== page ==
Ottoman illumination

From Wikipedia, the free encyclopedia
Jump to: navigation, search
Decorated tughra of Süleyman the Magnificent (1520)
Page from a 17th-century Quran

Turkish or Ottoman illumination covers non-figurative painted or drawn decorative art in books or on sheets in muraqqa or albums, as opposed to the figurative images of the Ottoman miniature. In Turkish it is called “tezhip”, an Arabic word which means “ornamenting with gold”. It was a part of the Ottoman Book Arts together with the Ottoman miniature (taswir), calligraphy (hat), Islamic calligraphy, bookbinding (cilt) and paper marbling (ebru). In the Ottoman Empire, illuminated and illustrated manuscripts were commissioned by the Sultan or the administrators of the court. In Topkapi Palace, these manuscripts were created by the artists working in Nakkashane, the atelier of the miniature and illumination artists. Both religious and non-religious books could be illuminated. Also sheets for albums levha consisted of illuminated calligraphy (hat) of tughra, religious texts, verses from poems or proverbs, and purely decorative drawings.

The illuminations were made either surrounding the text as a frame or within the text in triangle or rectangle forms. There could be a few carpet pages in the book with ornamental compositions covering the whole page without any accompanying text. The motifs consisted of Rumi, Saz Yolu, Penc, Hatai, roses, Leaf Motifs, Palm Leaves, naturalistic flowers, Munhani (gradient colored curve motifs), Dragons, Simurg (Phoenix) Çintamani (Tama motif in Japanese and Chinese book arts).

In the 15th century, Ahmed b. Hacı Mahmut el-Aksarayi was a famous illumination artist who created a unique style in the book Divan-ı Ahmedi in 1437, with multi-colored floral patterns.

In the beginning of the 16th century, Hasan b. Abdullah's works was original for their color harmony. In the second half of the century, Bayram b. Dervish, Nakkaş Kara Mehmed Çelebi (Karamemi) illuminated books about literature and history. Karamemi brought up an innovation to the tradition with his naturalistic floral ornamentations.

17th century illumination art was different from the previous examples due to more use of colors. Hâfiz Osman (1642–1698), invented the calligraphic format of the hilye, or text describing the appearance of Muhammad, which were kept in albums or framed like pictures for hanging on walls. The economic and social crisis effected cultural life and fewer manuscripts were produced in this period compared to the past.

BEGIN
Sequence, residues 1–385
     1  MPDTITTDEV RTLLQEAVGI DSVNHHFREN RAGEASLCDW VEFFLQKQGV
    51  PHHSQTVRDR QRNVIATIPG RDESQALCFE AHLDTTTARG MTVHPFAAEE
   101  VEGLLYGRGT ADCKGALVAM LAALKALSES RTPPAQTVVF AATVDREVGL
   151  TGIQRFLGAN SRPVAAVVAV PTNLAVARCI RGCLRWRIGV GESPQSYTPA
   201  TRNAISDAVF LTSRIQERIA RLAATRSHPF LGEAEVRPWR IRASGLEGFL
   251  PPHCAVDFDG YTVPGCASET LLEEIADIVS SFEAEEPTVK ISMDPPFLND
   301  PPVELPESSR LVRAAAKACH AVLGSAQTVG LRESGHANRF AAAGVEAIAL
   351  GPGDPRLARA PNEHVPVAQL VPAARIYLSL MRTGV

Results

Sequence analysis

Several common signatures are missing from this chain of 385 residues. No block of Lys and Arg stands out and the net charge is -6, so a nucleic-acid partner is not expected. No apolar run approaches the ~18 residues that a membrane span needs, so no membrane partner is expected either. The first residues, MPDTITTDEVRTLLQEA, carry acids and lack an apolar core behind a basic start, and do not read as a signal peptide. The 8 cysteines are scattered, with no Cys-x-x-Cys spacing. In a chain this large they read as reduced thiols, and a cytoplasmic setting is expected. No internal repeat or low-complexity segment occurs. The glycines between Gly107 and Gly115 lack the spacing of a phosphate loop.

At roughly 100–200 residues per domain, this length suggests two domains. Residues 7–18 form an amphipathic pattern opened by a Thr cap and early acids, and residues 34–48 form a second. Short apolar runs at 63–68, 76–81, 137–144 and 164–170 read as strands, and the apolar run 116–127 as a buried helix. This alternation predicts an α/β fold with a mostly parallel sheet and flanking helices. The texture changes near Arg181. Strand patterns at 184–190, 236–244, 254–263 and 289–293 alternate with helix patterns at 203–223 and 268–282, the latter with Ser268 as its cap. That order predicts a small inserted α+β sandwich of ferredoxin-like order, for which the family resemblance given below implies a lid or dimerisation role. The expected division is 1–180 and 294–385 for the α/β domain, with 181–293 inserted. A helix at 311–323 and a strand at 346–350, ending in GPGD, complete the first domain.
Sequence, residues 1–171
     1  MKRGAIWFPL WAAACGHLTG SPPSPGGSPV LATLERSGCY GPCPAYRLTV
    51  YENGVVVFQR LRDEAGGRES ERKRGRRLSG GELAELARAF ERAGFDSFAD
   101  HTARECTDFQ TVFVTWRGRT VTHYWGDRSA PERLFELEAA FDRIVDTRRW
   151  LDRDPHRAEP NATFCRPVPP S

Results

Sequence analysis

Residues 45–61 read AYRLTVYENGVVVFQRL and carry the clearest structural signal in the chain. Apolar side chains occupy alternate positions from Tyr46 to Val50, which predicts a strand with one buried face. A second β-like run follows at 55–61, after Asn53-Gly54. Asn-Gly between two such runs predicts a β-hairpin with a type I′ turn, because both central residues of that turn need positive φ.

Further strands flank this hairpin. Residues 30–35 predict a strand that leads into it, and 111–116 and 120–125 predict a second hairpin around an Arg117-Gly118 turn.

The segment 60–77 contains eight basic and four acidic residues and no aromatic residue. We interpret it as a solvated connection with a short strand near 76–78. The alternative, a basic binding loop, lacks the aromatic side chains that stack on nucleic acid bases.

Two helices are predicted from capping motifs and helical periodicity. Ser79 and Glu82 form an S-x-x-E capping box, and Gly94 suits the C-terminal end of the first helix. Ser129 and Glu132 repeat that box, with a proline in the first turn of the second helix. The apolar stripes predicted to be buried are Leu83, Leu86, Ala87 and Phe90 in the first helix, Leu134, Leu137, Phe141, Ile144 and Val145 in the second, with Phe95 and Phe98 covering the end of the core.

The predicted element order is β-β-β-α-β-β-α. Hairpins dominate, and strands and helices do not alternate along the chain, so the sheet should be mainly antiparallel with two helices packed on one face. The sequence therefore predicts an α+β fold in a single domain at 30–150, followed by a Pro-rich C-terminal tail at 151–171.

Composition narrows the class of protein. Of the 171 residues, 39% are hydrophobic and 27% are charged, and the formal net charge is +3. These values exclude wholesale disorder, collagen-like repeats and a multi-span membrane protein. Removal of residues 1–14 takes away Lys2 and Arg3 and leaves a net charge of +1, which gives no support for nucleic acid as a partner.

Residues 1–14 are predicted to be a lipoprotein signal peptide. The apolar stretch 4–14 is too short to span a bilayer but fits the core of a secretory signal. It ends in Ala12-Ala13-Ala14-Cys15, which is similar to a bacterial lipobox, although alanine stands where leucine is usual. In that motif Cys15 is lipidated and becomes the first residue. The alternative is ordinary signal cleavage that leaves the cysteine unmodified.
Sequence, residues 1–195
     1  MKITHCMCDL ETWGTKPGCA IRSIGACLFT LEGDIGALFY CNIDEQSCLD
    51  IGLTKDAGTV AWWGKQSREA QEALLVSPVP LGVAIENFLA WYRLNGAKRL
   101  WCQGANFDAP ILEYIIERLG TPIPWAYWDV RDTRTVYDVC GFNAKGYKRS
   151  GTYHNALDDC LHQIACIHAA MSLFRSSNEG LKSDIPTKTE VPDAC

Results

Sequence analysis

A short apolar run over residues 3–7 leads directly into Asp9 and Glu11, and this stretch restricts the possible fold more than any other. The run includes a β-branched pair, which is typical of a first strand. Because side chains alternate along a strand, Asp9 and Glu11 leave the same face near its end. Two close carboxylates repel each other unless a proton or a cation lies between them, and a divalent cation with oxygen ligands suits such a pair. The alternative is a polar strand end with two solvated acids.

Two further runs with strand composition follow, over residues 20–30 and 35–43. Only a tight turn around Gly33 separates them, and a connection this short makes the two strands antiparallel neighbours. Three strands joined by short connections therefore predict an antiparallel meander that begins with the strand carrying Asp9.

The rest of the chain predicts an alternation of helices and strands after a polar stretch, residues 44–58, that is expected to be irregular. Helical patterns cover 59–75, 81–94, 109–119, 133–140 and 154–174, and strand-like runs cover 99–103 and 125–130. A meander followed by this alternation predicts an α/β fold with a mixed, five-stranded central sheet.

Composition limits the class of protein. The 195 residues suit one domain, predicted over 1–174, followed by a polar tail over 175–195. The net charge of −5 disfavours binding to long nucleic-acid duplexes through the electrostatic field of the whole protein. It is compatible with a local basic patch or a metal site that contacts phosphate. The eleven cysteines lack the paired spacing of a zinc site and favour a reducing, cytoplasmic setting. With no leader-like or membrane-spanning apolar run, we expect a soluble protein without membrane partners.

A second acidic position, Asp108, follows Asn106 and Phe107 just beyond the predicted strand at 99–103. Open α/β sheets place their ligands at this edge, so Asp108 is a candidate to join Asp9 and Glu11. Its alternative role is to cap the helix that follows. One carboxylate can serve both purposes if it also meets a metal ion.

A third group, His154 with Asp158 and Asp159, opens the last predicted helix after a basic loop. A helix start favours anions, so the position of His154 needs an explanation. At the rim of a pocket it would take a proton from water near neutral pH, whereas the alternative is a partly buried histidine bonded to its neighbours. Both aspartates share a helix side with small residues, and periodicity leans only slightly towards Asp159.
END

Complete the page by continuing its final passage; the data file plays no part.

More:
In the 18th century, new ornamental motifs were introduced. The floral designs were three-dimensional and naturalistic and carried the influences of Western art. Ali el-Üsküdari reused the Saz Style which was introduced by painter Shahkulu in the 17th century. Baroque and Rococo styles were used that reflected the influence of cultural Westernization. After the mid-18th century social and economic changes lead to changes in Ottoman cultural life. When the printing press finally became widely used in the 19th century, the demand for illuminated manuscripts were reduced and the artists mostly produced plates for printing.

The 19th century was a period a vast variety of styles. The European baroque and rococo styles were known and adopted by Ottoman illumination artists. Ahmed Efendi, Ali Ragip, Rashid, Ahmed Ataullah were the famous artists of the period. The introduction of printing press, paintings on toil and photography did not have as much negative influences as it did in the case of Ottoman miniature painting. This was because both people and the ruling elites in Ottoman Empire were eager to continue the tradition of illuminating religious texts that came not only as books (like illuminated Qurans) but also as plates to adorn and sanctify their houses and work places. In the 20th century, after the end of Ottoman Empire, the intelligentsia of the newly born Turkish Republic was under the influence of Western art and aesthetics. The Ottoman Book Arts were unfortunately estimated as not as arts but as outdated things of the past. After the Alphabet Reform in 1925 that abolished Ottoman-Arabic characters and adopted Latin alphabet to be used by the citizens of the Republic, Ottoman Calligraphy was doomed to be incomprehensible by the next generation. As Ottoman-Turkish Illumination Art had shared a common fate with Ottoman Calligraphy from the beginning of their history, both arts went through a period of crisis. But there were conservative intellectuals who valued all the Ottoman Book Arts as important artistic traditions that should be kept alive and transmitted to the next generations. Suheyl Unver, Rikkat Kunt, Muhsin Demironat, Ismail Hakki Altunbezer, and Feyzullah Dayigil were some of the intellectuals that played an important role in continuing the tradition of Ottoman/Turkish Illumination Art. With the foundation of Turkish Decorative Arts section within the Academy of Fine Arts, new generations of illumination artists were educated. Today there are many artists in the field of illumination. Some of them are Çiçek Derman, Gülnur Duran, Şahin İnalöz, Cahide Keskiner, Ülker Erke, Melek Anter and Münevver Üçer.

References[edit]

  • Turkish Art of Illumination – Ayse Ustun, Turkish Book Arts Symposium pp. 32–47, ISMEK yayinlari 2007
  • Turkish Motifs, Cahide Keskiner, Turkish Touring and Automobile Association, 2001
  • Turkish Art of Illumiation – Zeren Tanindi

Further reading[edit]

  • J. M. ROGERS; Empire Of The Sultans Ottoman Art

From The Khalili Collection, Art Services International In Association With The Khalili Family Trust 2002.